How to Write a Release to Allow Someone Else to Authorize Medical Care for Your Child

By eHow Legal Editor

It may be a good idea to give authorization to a regular caregiver to make medical decisions for your child in your absence. That way any necessary treatment won't have to be delayed.

Understand that no one has the right to make health care decisions for a child other than a parent or legal guardian.

Know that, as a parent, you may give permission to another adult to make health care decisions for your child.

Realize that if you are going away and your child is going to be staying with a family member or friend, it might be a good idea to authorize that person to make decisions in your absence so that your child will not have to wait for you to arrive to receive treatment. This is also a good idea if a family member or friend regularly baby-sits for you. You probably should not give this power to a day care or preschool.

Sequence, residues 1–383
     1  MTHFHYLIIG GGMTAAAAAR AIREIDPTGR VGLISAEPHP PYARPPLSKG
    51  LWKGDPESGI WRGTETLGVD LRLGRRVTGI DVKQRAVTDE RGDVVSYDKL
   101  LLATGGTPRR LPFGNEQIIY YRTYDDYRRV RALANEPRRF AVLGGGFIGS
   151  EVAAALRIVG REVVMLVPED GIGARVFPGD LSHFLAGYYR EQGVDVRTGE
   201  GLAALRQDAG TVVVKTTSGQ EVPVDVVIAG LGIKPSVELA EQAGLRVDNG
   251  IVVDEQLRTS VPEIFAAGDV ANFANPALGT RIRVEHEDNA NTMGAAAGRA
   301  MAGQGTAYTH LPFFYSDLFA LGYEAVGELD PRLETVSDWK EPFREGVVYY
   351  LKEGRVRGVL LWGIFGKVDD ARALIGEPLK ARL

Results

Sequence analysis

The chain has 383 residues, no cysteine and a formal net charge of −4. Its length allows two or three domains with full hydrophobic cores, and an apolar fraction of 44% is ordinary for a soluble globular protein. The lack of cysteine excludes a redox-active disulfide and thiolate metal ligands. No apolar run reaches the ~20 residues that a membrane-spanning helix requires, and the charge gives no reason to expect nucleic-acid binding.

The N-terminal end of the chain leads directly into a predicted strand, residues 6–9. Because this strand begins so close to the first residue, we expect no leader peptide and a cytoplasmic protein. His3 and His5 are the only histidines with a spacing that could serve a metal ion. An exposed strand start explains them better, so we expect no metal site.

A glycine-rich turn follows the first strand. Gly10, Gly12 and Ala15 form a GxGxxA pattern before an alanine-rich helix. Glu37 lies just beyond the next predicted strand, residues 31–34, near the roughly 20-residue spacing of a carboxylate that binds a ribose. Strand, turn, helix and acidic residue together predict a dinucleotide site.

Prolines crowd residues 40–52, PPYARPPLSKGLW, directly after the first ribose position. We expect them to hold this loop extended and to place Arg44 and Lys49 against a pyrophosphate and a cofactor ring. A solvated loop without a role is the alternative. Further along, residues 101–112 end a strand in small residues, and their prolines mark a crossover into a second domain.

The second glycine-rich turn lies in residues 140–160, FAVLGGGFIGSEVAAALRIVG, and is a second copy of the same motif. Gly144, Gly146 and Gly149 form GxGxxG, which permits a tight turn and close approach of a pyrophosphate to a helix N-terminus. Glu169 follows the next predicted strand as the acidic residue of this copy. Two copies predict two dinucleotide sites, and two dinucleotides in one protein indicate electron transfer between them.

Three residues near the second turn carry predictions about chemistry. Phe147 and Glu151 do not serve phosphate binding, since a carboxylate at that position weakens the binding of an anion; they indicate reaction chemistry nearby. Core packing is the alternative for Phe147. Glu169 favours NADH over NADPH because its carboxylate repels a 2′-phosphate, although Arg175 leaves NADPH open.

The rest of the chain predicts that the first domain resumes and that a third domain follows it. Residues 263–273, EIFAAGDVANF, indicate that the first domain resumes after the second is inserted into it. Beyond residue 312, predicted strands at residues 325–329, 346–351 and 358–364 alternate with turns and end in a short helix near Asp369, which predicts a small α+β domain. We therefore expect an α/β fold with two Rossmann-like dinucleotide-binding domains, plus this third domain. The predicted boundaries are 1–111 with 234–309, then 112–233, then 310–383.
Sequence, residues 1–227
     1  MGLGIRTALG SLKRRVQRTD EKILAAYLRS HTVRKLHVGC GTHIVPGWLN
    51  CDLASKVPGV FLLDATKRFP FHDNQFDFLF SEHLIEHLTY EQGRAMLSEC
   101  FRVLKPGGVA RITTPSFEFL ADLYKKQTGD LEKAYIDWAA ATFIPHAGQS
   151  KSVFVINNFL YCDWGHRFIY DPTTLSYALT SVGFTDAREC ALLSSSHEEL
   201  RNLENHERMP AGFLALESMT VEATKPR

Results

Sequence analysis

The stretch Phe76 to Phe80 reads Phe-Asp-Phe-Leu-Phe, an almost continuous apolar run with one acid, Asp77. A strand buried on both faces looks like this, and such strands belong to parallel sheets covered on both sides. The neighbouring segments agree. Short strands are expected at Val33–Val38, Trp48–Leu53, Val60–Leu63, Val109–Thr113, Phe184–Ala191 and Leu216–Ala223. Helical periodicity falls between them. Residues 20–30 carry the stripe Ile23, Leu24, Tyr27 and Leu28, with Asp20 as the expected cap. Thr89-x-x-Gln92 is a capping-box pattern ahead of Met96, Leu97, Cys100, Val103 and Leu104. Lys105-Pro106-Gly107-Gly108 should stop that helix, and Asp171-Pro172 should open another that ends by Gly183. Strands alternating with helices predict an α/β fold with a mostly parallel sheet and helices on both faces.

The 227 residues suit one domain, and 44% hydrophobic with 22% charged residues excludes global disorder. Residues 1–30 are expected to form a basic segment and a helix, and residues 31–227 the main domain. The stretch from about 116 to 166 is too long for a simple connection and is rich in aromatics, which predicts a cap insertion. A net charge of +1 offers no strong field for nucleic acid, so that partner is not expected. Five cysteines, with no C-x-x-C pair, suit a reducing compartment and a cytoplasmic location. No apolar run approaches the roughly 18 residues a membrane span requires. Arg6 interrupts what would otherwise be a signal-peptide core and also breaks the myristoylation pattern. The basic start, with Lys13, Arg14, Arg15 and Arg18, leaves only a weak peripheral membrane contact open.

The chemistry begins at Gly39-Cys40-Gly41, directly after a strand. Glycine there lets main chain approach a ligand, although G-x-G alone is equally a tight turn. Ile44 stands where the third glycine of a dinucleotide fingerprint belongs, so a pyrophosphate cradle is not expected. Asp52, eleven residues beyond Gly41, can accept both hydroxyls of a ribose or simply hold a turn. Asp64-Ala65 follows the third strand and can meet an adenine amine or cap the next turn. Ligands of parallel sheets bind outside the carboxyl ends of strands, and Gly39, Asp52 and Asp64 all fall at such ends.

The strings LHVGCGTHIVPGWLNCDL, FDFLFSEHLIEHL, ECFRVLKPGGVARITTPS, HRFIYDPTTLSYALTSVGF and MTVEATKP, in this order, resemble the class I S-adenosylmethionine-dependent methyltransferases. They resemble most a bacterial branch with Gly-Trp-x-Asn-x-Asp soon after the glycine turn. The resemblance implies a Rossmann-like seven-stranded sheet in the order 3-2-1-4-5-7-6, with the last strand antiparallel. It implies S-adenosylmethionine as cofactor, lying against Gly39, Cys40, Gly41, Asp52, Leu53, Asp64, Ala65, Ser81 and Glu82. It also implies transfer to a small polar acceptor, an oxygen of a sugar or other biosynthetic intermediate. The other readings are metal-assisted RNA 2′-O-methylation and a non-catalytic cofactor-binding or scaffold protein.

Discuss this form with the caregiver and explain what types of procedures you would be opposed to and what types of treatment you would agree to.

Type up a form and state that you, the parent of X (fill in your child's name and date of birth) are granting your authorization to this person (list his or her name and address and phone number) to make health care decisions for the child in your absence.

Consider listing a date the permission will expire on, for example, the day you will return from your trip.

Sign the form before a notary.

Give the form to the person who will be caring for your child, or keep it in the diaper bag so that it is always with your child.